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Modernity’s Marginalization of Philosophy Makes the Practice of Everyday Life Unintelligible

We are sitting with friends at a diner or standing in line to buy tickets for a movie, chatting idly, when suddenly one of us, unable to contain himself in the face of our trivialities, bursts out with some existential question which we might later on paraphrase in polite terms as “What is it to live a human life well or badly?” or one which we might paraphrase as “What law, if any, has authority over us?” . . . And the response by those who hear both the questions and the emotions expressed through them is likely to be deep embarrassment, a strong wish to change the subject, a will to behave as if the questions had not been asked. We think: what can have got into him to talk like that? Is he perhaps having a break-down?[1]

Commentators have often failed to realize the extent to which University of Notre Dame philosopher Alasdair MacIntyre breaks with Aristotle concerning the superiority of the vita contemplative vis-à-vis the vita activa. In his Politics (8.3), Aristotle famously said that “the first principle of all action is leisure.” But the concept of a practice, elaborated in After Virtue sought to fuse the notions of techne and praxis, thus providing a basis for rejecting Aristotle’s marginalization of productive work. Despite this significant break with Aristotle, philosophy, fundamentally as a form of leisure, remains essential for MacIntyre’s understanding of human flourishing.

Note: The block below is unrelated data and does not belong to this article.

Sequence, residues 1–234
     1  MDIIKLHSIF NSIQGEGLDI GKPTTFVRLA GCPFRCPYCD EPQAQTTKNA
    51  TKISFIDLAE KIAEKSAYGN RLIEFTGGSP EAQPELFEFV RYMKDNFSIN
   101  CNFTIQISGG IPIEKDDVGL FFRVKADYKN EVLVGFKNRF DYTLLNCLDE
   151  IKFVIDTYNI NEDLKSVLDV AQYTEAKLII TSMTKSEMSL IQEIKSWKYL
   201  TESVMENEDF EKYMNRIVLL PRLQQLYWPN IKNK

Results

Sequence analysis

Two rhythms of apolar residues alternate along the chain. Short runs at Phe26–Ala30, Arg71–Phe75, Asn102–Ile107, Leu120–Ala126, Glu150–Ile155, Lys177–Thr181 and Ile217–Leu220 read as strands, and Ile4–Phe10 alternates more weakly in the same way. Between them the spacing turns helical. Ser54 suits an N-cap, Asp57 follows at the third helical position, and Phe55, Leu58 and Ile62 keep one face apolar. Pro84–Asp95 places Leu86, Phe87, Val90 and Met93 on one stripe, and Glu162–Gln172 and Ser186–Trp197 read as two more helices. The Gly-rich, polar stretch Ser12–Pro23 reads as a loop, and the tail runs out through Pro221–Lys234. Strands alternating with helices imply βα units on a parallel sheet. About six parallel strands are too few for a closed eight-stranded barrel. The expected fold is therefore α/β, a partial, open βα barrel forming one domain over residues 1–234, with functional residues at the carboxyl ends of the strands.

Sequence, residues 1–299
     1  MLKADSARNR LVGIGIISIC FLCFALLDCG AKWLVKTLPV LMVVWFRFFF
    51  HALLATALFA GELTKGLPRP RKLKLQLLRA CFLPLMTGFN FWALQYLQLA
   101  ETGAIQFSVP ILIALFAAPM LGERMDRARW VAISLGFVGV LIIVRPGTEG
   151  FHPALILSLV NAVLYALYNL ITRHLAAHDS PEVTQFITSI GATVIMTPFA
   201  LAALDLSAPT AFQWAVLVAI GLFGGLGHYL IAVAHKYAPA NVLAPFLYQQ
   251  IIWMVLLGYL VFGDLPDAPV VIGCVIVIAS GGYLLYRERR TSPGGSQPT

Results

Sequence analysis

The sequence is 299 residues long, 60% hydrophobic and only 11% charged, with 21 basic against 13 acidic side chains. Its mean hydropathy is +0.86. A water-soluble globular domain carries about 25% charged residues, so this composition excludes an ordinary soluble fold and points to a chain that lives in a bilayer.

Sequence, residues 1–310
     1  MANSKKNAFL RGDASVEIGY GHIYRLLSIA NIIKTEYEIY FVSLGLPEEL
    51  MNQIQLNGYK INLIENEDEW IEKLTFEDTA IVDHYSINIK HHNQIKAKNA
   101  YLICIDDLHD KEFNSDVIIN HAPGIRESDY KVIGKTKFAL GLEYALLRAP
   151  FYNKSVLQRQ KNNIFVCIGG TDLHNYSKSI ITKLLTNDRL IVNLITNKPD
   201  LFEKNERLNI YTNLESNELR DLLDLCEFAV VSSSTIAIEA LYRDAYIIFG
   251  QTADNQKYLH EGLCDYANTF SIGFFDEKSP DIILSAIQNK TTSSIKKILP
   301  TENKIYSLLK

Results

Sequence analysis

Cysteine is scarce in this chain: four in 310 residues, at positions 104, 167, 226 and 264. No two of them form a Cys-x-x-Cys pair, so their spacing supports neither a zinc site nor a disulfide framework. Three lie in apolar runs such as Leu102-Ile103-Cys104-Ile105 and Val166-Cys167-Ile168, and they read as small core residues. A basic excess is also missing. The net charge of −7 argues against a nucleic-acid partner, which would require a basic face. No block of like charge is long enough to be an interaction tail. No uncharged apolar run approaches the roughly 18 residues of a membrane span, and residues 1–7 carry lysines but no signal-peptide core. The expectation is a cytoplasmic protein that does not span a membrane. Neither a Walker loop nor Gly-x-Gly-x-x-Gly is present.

Philosophy is essential not because our quotidian activities (work, family, and community practices) are insignificant, but instead because they are so significant. They are the primary means by which we direct ourselves to our final end. But, MacIntyre argues, in modernity opportunities for plain persons to raise philosophical questions are often lacking. Within various activities in workplaces, schools, and families, we solve specific problems and raise and answer particular questions but as the passage above indicates, philosophical questions that transcend particular spheres of life (for example, “How should we respond in the face of death?”) often have no place in such ordinary contexts. In part, this has been driven by the increasingly specialized nature of much academic philosophy and in part from the compartmentalization of modern life, where no one sphere of life has the whole of life in focus.